Not Sure About a Divorce? Protecting Yourself During a Separation

When problems arise in your marriage, the best course of action is not always clear cut. While divorce is an option, you may have doubts about ending your marriage and concerns over the ramifications it could have on you, your children, your family and friends and maybe even your spouse.  Time apart from one another can provide valuable perspective in helping you to decide whether to stay in your marriage or to divorce.

Protecting Yourself During a Separation

Dealing with the possible breakup of a marriage is never easy. While a separation can provide time to sort out issues, you do need to recognize what is potentially at stake. Steps to protect your rights now and in any future court proceedings include:

  • Create a thorough inventory of all property and assets you and your spouse own, including real property, bank accounts, investment accounts, retirement accounts, vehicles and boats, as well as your personal belongings;
  • Make a list of all outstanding debts and the exact amounts owed. Get your credit report and identify all open accounts, as well as the accounts on which you are an authorized user;
  • Get statements for all financial accounts, including those in joint names, in your name or your spouse’s name;
  • Open your own checking and savings accounts in your own name;
  • Re-establish credit in your name;
  • Save texts and emails;
  • Don’t talk about your marital problems on social media, even through direct message;
  • Don’t do anything or post anything during your separation you wouldn’t want to your spouse or children to know about.

Before you separate, you and your spouse need to sit down and work through the rules of your separation.  You will need to answer these questions:

  • How will both households’ bills get paid?
  • How will we manage our finances during our separation?
  • What will the children’s parenting time schedule be?
  • How will we handle school, extra-curricular events, birthday parties, church?
  • What will we tell the children?
  • How will we communicate/work through issues during our separation?
  • Will we date?  If so, what are the rules?

Attending marital counseling is a smart move. You can work through all of your separation rules and agreements with your marriage counselor and then focus on addressing the issues in your marriage with your marriage counselor during your separation.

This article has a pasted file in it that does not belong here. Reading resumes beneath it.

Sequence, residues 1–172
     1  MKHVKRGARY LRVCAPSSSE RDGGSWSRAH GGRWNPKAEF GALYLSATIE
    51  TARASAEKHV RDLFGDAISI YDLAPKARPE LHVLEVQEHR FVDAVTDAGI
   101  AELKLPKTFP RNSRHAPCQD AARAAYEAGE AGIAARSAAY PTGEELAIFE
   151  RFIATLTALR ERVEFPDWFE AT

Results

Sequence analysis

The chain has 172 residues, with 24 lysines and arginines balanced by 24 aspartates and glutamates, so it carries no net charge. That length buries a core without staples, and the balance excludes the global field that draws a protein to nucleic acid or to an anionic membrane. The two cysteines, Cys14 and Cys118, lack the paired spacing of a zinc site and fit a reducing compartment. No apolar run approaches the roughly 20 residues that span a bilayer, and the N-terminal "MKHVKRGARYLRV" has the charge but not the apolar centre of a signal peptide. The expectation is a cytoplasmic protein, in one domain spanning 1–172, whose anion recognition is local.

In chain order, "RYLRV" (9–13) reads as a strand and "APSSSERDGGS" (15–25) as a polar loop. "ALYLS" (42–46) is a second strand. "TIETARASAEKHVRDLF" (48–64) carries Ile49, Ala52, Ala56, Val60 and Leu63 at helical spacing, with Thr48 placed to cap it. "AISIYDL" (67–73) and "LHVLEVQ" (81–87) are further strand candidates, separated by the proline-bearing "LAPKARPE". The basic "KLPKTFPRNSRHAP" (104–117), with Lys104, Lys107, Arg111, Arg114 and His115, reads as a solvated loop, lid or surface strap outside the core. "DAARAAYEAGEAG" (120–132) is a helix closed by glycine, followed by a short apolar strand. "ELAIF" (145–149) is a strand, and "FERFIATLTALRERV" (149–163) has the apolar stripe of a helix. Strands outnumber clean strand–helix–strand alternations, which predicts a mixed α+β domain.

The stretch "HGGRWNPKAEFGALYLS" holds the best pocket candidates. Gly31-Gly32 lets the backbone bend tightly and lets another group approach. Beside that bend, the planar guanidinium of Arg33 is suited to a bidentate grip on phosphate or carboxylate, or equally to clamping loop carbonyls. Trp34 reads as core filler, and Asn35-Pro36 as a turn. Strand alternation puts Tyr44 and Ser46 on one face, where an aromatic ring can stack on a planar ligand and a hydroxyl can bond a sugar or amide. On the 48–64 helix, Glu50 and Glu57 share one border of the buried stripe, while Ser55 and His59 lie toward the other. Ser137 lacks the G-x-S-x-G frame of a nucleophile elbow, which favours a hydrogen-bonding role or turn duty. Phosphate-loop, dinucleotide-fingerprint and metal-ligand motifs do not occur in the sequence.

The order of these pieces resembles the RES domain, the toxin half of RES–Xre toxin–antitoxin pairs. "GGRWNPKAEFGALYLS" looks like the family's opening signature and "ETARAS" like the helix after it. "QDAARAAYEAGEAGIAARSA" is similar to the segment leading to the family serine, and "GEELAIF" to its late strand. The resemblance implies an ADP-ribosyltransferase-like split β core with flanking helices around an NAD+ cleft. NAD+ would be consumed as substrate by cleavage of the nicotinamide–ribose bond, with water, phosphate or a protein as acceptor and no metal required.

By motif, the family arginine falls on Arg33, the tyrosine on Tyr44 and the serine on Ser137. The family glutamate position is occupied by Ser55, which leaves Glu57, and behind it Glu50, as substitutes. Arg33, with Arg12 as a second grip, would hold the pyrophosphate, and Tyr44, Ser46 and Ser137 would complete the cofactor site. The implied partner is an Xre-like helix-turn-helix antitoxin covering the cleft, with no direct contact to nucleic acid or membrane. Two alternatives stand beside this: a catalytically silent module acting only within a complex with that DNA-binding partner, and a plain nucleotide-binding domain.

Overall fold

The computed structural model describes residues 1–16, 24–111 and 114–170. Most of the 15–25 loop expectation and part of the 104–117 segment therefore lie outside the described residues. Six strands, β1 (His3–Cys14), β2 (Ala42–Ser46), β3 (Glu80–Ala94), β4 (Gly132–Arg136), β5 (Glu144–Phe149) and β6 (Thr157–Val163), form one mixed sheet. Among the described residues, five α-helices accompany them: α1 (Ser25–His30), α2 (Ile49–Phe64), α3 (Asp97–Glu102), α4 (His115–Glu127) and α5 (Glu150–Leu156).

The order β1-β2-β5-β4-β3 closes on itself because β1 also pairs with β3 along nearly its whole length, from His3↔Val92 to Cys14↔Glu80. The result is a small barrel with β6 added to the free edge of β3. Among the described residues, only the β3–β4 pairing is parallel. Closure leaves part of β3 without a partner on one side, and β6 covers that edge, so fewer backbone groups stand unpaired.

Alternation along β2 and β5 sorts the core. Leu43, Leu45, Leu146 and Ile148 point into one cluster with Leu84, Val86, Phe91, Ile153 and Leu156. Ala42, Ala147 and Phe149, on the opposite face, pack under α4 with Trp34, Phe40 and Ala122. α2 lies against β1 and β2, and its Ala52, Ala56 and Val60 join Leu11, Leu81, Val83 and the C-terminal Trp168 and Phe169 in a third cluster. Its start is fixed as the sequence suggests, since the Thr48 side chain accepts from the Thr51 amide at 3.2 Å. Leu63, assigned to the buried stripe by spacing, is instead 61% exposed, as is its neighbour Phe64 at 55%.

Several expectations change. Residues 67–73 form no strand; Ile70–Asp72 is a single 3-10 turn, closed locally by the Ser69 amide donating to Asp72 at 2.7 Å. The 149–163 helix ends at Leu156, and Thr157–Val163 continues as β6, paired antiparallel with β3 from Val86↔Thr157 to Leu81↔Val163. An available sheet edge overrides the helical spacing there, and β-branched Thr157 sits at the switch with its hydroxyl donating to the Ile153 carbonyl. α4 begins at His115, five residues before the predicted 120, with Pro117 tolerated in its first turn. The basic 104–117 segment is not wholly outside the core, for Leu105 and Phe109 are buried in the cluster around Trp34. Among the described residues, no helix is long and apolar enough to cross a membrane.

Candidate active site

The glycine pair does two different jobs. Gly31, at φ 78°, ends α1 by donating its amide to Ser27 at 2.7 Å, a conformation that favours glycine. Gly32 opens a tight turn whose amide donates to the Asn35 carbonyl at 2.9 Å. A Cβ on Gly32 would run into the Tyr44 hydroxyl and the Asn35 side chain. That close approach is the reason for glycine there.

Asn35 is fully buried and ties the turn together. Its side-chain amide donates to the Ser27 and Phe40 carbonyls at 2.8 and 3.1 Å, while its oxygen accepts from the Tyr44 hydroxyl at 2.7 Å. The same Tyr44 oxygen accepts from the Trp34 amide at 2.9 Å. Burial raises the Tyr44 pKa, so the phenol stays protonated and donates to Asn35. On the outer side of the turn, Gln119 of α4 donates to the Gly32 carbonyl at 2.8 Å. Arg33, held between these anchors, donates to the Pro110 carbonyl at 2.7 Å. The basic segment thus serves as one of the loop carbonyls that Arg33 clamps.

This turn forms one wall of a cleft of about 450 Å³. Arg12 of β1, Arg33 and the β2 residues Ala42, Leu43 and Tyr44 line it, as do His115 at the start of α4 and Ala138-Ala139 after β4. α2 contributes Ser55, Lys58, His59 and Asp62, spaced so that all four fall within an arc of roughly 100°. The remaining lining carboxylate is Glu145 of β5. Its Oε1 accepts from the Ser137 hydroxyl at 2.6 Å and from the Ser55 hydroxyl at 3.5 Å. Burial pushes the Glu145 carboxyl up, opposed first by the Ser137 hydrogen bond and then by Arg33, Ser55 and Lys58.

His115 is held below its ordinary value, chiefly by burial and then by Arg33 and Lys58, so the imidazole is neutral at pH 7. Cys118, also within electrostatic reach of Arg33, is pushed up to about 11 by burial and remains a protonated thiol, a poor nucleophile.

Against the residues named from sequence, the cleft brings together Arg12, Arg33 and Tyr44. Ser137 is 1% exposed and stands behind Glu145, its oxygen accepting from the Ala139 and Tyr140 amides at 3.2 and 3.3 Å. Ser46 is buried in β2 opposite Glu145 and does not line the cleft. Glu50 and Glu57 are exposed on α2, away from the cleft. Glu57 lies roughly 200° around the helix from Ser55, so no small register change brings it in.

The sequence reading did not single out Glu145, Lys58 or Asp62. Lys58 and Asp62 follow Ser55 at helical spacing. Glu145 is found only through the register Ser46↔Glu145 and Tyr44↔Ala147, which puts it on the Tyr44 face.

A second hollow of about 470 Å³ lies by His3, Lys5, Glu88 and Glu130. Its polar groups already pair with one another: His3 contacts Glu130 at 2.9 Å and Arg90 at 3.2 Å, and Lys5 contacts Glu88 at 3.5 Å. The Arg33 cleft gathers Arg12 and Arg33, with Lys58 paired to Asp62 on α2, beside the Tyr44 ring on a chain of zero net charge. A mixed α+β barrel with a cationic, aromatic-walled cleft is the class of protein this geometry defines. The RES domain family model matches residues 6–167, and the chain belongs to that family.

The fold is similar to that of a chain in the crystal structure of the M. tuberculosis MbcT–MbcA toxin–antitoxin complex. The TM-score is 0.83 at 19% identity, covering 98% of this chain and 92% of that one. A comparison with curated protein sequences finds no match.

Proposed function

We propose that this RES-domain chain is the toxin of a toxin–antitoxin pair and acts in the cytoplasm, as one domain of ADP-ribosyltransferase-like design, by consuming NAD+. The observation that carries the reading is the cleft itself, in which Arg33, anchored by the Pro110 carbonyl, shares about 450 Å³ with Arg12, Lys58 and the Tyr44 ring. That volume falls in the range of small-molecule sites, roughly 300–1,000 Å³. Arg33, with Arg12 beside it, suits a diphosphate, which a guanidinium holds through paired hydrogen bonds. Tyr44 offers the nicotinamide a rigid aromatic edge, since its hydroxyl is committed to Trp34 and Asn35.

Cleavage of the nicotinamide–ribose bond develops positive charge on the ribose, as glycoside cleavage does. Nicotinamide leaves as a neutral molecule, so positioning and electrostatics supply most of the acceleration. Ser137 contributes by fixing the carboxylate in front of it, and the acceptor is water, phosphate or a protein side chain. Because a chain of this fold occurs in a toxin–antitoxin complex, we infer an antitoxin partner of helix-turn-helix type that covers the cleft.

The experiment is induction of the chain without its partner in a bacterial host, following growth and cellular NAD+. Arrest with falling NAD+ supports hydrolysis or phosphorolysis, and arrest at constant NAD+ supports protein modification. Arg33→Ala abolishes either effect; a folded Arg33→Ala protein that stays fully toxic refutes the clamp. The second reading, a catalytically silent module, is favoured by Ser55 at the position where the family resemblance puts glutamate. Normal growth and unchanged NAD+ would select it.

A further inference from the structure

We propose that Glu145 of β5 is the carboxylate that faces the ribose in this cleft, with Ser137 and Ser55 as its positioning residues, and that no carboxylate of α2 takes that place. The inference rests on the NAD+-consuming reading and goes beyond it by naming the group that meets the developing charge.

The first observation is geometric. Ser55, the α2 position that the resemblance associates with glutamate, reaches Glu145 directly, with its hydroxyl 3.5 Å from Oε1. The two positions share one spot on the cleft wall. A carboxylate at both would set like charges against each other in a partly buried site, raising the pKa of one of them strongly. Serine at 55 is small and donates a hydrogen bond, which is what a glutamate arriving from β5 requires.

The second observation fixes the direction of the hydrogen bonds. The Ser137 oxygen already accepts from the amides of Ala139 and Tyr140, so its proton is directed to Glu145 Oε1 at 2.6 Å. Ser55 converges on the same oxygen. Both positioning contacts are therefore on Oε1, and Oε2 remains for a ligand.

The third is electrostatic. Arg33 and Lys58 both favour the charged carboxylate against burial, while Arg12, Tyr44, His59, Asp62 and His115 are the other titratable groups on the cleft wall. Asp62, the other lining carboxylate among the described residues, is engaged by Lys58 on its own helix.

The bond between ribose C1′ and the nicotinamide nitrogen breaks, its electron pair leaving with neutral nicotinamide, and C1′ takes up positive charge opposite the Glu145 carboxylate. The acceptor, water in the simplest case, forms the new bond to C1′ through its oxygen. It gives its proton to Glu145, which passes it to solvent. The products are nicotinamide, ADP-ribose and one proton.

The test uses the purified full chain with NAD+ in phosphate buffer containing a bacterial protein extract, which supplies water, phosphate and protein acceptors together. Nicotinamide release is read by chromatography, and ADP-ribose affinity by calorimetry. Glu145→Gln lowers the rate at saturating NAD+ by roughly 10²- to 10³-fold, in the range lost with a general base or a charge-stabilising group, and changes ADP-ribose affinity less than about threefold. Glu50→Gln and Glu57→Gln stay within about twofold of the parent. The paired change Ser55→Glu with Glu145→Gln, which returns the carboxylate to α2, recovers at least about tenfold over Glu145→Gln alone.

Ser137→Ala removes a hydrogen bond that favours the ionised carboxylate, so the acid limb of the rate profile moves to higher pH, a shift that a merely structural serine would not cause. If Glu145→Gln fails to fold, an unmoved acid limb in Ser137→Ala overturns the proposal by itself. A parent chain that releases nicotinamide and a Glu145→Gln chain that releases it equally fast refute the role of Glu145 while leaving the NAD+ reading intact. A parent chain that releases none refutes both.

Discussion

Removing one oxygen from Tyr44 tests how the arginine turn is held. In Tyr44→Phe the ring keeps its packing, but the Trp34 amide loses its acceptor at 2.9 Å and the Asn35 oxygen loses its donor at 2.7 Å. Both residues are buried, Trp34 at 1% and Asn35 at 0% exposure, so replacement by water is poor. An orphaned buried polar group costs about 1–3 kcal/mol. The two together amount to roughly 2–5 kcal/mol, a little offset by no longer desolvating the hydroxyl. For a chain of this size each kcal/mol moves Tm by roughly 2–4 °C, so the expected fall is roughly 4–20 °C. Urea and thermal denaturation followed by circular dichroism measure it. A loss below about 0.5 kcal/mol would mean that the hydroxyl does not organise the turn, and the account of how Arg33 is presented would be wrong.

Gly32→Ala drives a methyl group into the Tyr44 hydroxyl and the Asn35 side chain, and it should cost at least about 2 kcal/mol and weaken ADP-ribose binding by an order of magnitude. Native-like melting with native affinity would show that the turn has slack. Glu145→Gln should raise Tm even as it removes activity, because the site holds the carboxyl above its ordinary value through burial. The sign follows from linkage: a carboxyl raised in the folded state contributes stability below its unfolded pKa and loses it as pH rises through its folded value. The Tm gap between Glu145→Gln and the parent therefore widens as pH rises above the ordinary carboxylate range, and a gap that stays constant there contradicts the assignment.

Legal Steps to Protect Yourself 

Texas does not have formal separation.  The only way to get Orders that govern your children and your property during a separation is to file for divorce.  However, there are some legal steps you can take to protect yourself.  These include:

  • Separation agreement: This can lay out the terms of a separation, including how finances will be handled and a parenting plan during separation. This is an agreement between you and your spouse but it is not enforceable the way a court order is — which means you will have to file for divorce if you need enforceable court orders during your separation;
  • Postnuptial agreement: The legal character of your assets and marital estate can be changed with a postnuptial agreement. Couples may have financial issues that need to be resolved in order for the marriage to have a chance, and a postnuptial agreement can resolve those issues without having to divorce.

Contact Us Today for Assistance

When contemplating a divorce or marital separation, Lazar Law can guide you in the available legal options while ensuring your rights and best interests are protected. To schedule a confidential consultation, call or contact our Austin divorce lawyers online today.


For help with possession and access and other child custody and visitation matters in an Austin divorce or custody case, contact Lazar Law at 512-477-1600.
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